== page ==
- Look at blogs and reviews, find out what bloggers can benefit your business if they talk about your product or service. People trust those blogs they follow and they trust reviews from previous costumers, send a product as a tool for a review that benefits readers. Knowing what is said about you is important as this will strongly influence future leads. Blog posts are a great way to generate awareness and improve SEO. Tip: Identify Bloggers using http://www.dublinblog.ie.
- Attending a press event that’s of relevance to blogger’s audience is a good way to contact new people.
- Creating Digital Media Kits, make sure it includes all the basic information about your company, mission statement, products and services, samples, statistics relevant to your products and industry, etc. Tip: using Dropbox to share documents and photos for free can make it cost effective.
- Having a websites and make sure that all earned media as well as paid media will link back to your owned media. It is important that people link back to your own content and having a website where people can find out more is expected.
- Social media releases: Whether you are writing a press release for traditional or social media, if your audience doesn’t find the content informative, useful or helpful, it will most likely fail.
- Flickr is a social media networking tool for PR, because it is always visual it is good for branding. You can share photos but also posters, charts etc.
- Developing relationships (Tweetup and Meetups): A tweetup is an event where people who Twitter come together to meet in person, like finally putting a name to a face, these events are a great opportunity to connect with the people in your network and share more than just 140 characters at a time. A Meetup Group is a local community of people in which a group hosts meetups and are face to face meetings that happen in real life between members.
- SlideShare presentations and e-books, companies try to get publicity and earned media via writing an e-books by getting people to sign up to newsletter.
- Like other media: Liking posts and pages, sharing content, subscribing to blogs, following others, joining groups are great ways to contact other people. Engagement is key in this, get as involved as possible.
- Flashmobs, some consider it a “dead strategy,” I don’t know about that but for sure it has been overused.
- Online contests: Social Media contests have gained popularity and can be a powerful tool for spreading a brand’s message. Digital marketers are finding that social media is great for holding online contests that increase awareness and engagement for consumer brands.
- Using podcasts, this involves recording a digital file that can be distributed online.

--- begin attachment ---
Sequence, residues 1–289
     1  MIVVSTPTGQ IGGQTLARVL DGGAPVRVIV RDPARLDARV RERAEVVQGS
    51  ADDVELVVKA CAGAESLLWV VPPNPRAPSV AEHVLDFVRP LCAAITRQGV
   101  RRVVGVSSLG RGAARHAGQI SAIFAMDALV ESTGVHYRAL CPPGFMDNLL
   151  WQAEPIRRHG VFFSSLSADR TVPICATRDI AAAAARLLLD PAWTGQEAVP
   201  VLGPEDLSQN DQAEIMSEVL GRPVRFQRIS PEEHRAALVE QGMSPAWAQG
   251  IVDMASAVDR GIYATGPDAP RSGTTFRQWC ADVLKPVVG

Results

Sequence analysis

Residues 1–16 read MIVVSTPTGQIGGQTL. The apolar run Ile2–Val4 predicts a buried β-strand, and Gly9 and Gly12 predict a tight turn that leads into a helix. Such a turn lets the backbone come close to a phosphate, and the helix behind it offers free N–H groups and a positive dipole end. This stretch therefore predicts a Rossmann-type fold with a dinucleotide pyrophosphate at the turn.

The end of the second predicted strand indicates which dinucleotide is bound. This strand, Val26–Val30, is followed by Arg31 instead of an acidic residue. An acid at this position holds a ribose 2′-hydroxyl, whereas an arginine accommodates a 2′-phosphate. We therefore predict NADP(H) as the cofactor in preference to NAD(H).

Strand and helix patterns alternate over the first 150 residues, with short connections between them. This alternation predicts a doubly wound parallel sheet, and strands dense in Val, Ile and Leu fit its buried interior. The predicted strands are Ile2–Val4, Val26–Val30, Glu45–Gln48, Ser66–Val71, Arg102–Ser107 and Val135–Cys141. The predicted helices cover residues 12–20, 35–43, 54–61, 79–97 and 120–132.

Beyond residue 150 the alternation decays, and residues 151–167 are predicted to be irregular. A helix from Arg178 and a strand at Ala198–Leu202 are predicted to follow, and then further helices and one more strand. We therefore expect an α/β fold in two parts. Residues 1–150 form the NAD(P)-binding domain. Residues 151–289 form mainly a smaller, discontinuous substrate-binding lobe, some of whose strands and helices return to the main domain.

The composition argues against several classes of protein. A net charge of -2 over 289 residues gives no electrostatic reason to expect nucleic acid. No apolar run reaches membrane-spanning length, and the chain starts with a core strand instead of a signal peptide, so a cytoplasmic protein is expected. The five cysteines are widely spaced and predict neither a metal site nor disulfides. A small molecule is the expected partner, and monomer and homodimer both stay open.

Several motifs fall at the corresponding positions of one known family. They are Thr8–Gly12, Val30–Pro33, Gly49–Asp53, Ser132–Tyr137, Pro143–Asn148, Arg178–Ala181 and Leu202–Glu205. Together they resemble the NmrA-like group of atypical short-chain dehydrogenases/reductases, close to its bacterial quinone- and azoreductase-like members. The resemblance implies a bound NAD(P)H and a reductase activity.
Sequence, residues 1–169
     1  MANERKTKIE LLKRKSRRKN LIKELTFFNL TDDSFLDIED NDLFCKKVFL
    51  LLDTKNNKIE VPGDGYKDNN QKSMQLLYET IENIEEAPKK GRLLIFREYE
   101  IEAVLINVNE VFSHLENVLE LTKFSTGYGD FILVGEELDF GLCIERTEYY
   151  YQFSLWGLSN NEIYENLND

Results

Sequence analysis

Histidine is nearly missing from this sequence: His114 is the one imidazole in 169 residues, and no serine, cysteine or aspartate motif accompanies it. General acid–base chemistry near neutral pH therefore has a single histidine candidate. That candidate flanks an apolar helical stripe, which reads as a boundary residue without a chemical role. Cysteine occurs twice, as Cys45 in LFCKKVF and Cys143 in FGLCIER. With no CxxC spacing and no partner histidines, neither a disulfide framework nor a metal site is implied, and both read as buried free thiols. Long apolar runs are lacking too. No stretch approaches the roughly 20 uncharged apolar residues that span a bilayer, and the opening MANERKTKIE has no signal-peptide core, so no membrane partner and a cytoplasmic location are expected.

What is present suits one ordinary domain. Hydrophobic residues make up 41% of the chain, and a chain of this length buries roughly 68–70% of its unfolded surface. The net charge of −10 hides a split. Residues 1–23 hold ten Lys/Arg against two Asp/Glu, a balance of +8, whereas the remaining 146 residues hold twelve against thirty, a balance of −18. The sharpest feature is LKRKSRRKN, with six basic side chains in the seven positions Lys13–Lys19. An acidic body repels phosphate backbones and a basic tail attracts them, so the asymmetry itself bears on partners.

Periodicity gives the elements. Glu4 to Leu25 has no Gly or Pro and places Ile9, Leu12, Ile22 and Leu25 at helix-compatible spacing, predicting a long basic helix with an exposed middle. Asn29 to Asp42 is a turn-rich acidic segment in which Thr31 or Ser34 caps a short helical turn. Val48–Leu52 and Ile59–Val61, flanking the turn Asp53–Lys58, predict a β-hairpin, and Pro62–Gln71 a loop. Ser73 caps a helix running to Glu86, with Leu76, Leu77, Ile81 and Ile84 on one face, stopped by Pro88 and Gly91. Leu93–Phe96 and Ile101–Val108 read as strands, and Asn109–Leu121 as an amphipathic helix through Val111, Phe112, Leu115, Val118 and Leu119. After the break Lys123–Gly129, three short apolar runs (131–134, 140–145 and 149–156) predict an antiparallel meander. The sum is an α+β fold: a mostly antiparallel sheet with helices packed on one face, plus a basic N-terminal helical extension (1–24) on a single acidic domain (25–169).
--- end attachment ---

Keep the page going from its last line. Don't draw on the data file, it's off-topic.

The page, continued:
- And finally, use IAB measurement guidelines.
This week’s class covered earned media, also refered to as free media. This consists in publicity gained through non-advertising promotional efforts through things like press releases, PR agencies, contacting journalists and placing stories with news outlets.
It is considered free media for some because it also consists on worth of mouth as customers become the advertising channel. Third party recommendations from friends and contacts are more credible and transparent than paid opportunities.
How to gain “Earned Media”?
- When a business creates interesting content (owned media) on their blog, those blog posts are much more likely to be shared by your readers, becoming earned media.
- Same thing applies when messages are used on social media channels such as Twitter (with retweets) and Facebook (share button).
- This is a great tool for SEO. While the search engines love fresh content but more than that it is much more efficient when the content is being shared constantly, so the more times your owned media is shared, Liked, retweeted and posted the more valuable it becomes. Without owned media becoming earned media, the content created is not as valuable for SEO as it could be.
- Generating “PR” or “getting coverage,” people still trust what it gets broadcast or published by traditional media.
- Contacting high profile bloggers to write about the brand, service, product, etc.
One of the challenged of Earned Media is that once the content is available for the audience, businesses are no longer in complete control of their content. Much like social networking, earned media places the power of your brand in the hands of your consumers.
Monitoring Earned Media:
- Using TweetDeck allows you to monitor Twitter activity and follow up on any mentions and interactions related to the business.
- Google Alerts are email updates of the latest relevant Google results (web, news, etc.) based on your queries.
- O’Leary Analytics they focused on monitoring brands mentions in online publications, quantify and qualify the results of your PR efforts, nationally and internationally.
- Blog Statt. Blogger and WordPress provide a measuring tool as well.
Facebook tries to show you the ads that you will be interested in. The ads that target you are chosen based on the things you do with Facebook such as liking a page, and the info Facebook receives from you and other sources. If you are not interested in an ad you can close it on the X button and Facebook will know you are not interested in that type of ads. There are two types of ads on Facebook:
1. Adverts: A business creates an advert and pays Facebook to deliver it to the people who are most likely to find it useful. For example, you might see an advert for a local gym if you live nearby, you are a certain age and like weights. If a user is not connected to a brand, ads will appear on the right-hand side of their homepage.
2. Sponsored Stories: A sponsored story is different from an advert because it’s a story you can already see about activity from people you are connected to, pages you like or apps you use. People tend to be more trusting and comfortable as they do not consider this a form of advertising because it shows what their friends like. For fans and friends of fans, ads will appear as a sponsored story on the right-hand side, and it can also appear in news feed.